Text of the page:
Lilacs: Container size/plant size?

armisteadgardensAugust 16, 2008

Hello,

A friend gave me a lilac sucker, which I planted in a 6" pot. The sucker was round 8" tall when I received it, and it's still about 8" tall. It seems healthy, though.

I'd like this lilac to live in a container next to my front door (urban gardener, I don't have the space for a bush in my narrow beds).

Could the small size of the container be limiting root growth, and could that be affecting the size of the plant above ground?

Should I just get a giant container now and stick the little sucker in it? What size container should the lilac ultimately need? How many years does it take for a lilac to reach a mature size?

Thanks!

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tapla (mid-MI z5b-6a)

Could the small size of the container be limiting root growth, and could that be affecting the size of the plant above ground?

The container can/will limit growth in a predictable manner - the tighter the roots ... the greater the reduction in linear branch extension, the smaller the leaves, and the shorter the internodes (distance between leaves).

Should I just get a giant container now and stick the little sucker in it? What size container should the lilac ultimately need? How many years does it take for a lilac to reach a mature size?

I'm going to say NO to the giant container. Not because it can't be done, but because the questions you ask tell me you probably haven't had enough experience in container culture to MAKE it work. There is a 3 way relationship to consider between plant mass, container soil volume, and soil type (mainly particle size and structural stability). You can MAKE it work with a very porous homemade soil, but it's more than likely you would be frustrated by your efforts using a commercially bagged soil.

The size of the container the plant will require depends on it's progress and how you handle the pruning - both above and below ground. With proper and judicious pruning of roots and shoots, you should be able to easily maintain the plant in much less than 5 gallons of soil indefinitely. For now, a gallon of soil is more than enough. If you want the illusion that the plant is growing in a larger container, just slip the 1 gallon (or other small) container it's in now, into a larger container filled with gravel or other soil. This can also help reduce the possibility/probability of you over-watering and help keep roots cool.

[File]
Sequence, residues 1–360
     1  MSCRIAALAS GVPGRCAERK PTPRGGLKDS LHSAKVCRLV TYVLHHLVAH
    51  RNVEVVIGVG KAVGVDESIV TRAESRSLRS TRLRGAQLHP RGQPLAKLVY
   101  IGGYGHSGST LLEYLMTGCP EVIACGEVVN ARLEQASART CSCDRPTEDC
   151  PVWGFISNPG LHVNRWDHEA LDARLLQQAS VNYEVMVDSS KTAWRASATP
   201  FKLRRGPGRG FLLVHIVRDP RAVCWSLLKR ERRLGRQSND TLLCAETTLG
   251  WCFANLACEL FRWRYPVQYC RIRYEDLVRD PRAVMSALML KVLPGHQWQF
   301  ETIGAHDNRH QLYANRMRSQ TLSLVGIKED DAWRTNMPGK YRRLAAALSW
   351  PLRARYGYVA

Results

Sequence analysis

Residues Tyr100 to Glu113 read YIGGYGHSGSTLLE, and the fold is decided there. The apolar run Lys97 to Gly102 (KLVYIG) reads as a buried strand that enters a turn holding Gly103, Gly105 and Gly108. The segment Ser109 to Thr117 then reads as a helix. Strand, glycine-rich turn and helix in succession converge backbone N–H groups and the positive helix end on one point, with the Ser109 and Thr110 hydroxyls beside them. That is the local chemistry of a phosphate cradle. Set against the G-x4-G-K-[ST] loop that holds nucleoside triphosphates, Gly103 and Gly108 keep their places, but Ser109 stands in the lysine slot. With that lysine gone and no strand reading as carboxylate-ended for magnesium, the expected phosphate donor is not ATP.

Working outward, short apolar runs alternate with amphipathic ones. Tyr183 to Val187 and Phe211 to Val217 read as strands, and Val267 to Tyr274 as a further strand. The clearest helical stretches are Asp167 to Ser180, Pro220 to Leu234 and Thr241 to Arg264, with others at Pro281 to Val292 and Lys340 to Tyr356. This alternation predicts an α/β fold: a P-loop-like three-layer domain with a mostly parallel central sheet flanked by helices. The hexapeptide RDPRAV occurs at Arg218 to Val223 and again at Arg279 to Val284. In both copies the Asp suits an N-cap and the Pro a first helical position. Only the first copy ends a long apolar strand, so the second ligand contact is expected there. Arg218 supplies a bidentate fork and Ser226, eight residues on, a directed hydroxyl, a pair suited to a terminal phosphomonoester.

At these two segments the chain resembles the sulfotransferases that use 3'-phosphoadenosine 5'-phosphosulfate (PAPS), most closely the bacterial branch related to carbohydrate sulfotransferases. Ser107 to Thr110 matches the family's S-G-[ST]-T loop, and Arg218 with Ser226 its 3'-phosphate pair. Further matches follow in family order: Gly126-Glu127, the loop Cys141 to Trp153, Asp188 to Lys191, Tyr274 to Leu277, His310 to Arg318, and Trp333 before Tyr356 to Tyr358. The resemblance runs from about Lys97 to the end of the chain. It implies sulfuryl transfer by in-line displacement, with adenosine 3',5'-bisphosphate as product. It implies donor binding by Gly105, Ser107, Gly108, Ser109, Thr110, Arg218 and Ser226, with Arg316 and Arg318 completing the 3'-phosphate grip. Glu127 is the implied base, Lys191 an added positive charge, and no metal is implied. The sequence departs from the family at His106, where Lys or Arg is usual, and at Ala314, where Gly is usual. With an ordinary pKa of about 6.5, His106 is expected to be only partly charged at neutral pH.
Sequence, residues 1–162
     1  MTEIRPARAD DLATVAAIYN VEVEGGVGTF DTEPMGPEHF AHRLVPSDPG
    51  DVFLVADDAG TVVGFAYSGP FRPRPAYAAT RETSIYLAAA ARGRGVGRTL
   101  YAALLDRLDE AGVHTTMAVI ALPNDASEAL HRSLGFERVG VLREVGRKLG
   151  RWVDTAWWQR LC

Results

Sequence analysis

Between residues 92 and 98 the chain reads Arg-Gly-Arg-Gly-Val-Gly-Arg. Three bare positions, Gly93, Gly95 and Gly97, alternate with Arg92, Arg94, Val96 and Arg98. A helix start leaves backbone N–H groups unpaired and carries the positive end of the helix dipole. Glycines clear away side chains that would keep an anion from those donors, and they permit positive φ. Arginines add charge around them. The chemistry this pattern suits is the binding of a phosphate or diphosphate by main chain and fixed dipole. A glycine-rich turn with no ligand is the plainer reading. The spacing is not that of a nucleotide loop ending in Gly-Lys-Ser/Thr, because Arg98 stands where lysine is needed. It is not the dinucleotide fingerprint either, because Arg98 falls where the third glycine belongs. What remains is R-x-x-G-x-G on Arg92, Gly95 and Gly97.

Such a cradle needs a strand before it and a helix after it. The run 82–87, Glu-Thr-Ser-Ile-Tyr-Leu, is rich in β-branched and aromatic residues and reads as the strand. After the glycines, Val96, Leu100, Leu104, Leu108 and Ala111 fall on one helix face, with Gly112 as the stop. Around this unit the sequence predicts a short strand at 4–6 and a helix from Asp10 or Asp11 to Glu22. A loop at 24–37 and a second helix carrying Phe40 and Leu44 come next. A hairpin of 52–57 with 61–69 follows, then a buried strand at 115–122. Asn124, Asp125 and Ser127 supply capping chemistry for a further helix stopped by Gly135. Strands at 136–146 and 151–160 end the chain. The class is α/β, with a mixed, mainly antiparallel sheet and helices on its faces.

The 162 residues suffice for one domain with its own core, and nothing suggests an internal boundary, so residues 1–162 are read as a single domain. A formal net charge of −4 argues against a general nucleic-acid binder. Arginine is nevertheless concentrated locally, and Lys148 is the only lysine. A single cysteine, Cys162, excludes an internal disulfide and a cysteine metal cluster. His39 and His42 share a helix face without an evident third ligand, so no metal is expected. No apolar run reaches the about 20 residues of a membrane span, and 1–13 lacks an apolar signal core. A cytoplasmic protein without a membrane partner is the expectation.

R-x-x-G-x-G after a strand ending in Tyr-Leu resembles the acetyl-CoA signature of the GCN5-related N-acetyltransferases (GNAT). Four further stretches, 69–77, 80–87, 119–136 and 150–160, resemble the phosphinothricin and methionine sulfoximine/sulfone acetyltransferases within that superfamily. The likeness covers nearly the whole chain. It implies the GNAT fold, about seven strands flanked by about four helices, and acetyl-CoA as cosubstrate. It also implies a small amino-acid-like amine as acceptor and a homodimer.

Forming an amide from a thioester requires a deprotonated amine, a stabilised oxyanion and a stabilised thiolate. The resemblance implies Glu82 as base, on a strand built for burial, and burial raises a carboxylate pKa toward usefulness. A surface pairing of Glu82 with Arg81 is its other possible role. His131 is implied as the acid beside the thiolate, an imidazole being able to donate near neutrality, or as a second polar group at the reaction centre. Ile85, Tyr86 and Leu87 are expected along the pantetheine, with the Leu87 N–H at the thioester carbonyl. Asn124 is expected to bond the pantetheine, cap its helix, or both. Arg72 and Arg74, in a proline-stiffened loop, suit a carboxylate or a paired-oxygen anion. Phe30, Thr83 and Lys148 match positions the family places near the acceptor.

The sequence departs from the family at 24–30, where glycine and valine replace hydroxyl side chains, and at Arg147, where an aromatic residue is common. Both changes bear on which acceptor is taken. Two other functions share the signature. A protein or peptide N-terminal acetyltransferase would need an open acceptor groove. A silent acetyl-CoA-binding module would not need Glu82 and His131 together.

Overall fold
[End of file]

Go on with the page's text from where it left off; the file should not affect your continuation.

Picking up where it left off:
I cannot tell you how long it will take the plant to reach sexual maturity in a container, but I can tell you that basal suckers will take much longer to come to bloom than cuttings propagated from mature wood because of the difference in their ontogenetic age.

Al

    Bookmark   August 17, 2008 at 3:30PM
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armisteadgardens

That is excellent information. You brought up many things I would never have thought of. Thanks very much for the help!

    Bookmark   August 17, 2008 at 7:26PM
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garyfla_gw(10 Florida)

Hi
One more thing I''d add . Where will you keep the pot in the winter?? Lilacs need a definite cold rest period for x number of weeks .or they will not flower. .At the same time the roots can't freeze. In 7 you might get by burying the pot in a protected location.?? I would think generally a poor choice as a container plant.because of the required seasonal change.
I'm in 10 florida so am definitely familiar with "Required chill hours"lol

Since you already have the cutting might as well give it a shot. But Lilacs definitely REQUIRE seasonal change .
Good luck with them gary

    Bookmark   August 18, 2008 at 6:41AM
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tapla (mid-MI z5b-6a)

I think it will be fine in a container. Many of us grow hundreds of different plants that have chill requirements. Lilacs, as a rule, are extremely hardy & should have no difficulty surviving a zone 7 winter unprotected. If they would need any protection, it might be a burlap wrap to guard against dessication, but I doubt that root damage due to extreme cold would be an issue. The soil mass can freeze solid, and the unbound water (water between cells) also, w/o any tissue damage. It's only when bound water (inside cells) freezes that cells/tissue dies, and most lilacs will tolerate these extremes to zone 3 in the ground, making them hardy to probably zone 5, unprotected in a container.

Al

    Bookmark   August 18, 2008 at 7:48AM
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